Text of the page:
5. McDonald's Restaurants Ltd 256 Complaints - Not investigated; ads removed

McDonald's produced a TV ad featuring a boy and his mother talking about his dead father. From the conversation, the boy became visibly upset as he found few similarities between him and the father that his mother described. Ultimately, he found comfort when she told him that both he and his father loved McDonald's Filet-O-Fish burger. The ad attracted criticism that it was trivialising grief, was likely to cause distress to those who have experienced a close family death and was distasteful to compare an emotive theme to a fast food promotion. The fast food chain issued an apology and pulled the ads.

6. RB UK Commercial Ltd (V.I.Poo) 207 complaints - Not upheld

A fictional Hollywood starlet shares her best kept secret on how to maintain good toilet etiquette -- by using the V.I.Poo spray, an air freshener. Many people found the discussion of going to the toilet unsavoury. We ruled that the ad was a light-hearted way of introducing the product and we didn't consider its reference to the "devil's dumplings" likely to break our rules on offence.

7. DSG Retail Ltd (Currys PC World) 131 Complaints - Not upheld

This was a TV ad about spending Christmas in front of the TV. The Currys PC World ad showed a set of parents telling their children that they would like to celebrate Christmas "traditionally" this year by sitting by the fire, singing carols and having long conversations. The mother then laughed at the visibly upset children and explained it was a joke. She led the family to the next room to show them a new Oleg TV that her employer, Currys PC World, had allowed her to bring home and test. Complainants believed the ad was offensive because it promoted materialism and equated Christmas with watching TV instead of Christianity.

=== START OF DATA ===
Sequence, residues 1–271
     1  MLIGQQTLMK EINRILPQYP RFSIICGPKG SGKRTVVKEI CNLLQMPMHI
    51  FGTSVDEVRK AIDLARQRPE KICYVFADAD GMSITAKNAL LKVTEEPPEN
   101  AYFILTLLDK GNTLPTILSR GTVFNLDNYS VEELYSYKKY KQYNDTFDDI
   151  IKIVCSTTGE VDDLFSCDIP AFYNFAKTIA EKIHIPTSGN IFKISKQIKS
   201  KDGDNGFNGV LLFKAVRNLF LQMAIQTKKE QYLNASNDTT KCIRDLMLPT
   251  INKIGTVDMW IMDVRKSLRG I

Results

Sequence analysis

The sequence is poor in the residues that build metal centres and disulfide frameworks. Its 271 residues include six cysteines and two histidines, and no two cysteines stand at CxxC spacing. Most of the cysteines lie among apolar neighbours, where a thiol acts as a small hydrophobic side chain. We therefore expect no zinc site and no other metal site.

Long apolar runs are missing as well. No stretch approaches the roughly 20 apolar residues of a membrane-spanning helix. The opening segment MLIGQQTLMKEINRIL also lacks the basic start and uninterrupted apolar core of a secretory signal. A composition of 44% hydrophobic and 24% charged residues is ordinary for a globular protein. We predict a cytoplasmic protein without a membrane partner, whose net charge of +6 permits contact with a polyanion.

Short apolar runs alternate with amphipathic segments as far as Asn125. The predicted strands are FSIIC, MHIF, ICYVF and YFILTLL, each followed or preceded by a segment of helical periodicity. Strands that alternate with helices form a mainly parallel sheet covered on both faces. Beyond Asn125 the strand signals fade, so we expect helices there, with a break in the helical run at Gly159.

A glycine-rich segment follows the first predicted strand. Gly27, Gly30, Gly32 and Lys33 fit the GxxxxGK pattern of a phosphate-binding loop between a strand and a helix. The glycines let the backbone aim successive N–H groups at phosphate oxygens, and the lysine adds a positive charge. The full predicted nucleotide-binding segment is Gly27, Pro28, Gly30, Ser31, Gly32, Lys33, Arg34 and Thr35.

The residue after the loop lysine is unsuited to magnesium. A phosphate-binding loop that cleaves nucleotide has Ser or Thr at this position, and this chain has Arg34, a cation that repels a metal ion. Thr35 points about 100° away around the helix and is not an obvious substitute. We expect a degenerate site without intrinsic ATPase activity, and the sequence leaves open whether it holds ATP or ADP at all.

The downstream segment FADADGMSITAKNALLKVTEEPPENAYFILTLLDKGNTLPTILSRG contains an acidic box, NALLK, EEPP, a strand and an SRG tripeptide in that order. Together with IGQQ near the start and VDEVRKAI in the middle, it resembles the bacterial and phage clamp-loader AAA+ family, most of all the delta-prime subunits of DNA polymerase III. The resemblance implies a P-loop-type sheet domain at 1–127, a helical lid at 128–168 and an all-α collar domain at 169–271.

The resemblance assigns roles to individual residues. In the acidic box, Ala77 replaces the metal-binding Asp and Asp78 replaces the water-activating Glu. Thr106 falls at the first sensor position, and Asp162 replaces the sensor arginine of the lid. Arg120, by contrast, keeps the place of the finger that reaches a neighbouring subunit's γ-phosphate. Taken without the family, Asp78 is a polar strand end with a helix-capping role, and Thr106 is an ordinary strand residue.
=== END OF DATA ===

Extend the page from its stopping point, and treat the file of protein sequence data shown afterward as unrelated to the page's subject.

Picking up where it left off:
We thought the ad was light-hearted and was meant to be humorous. We understood the allusions to consumerism might be perceived to be in bad taste by some, but considered it was unlikely to cause serious offence. The ad did not ridicule or denigrate Christians or Christianity, so was unlikely to offend on those grounds.

8. Telefonica Ltd (O2) 125 Complaints - Not upheld

O2's ad about free screen replacements stirred complaints when it featured two men kissing and breaking one of the couple's phone screens when he was pressed onto a table by the other man. Many felt the scene was too sexually explicit and scheduled inappropriately at times when children were likely to be watching. Some also felt the portrayal of a same-sex relationship was offensive to their religious beliefs.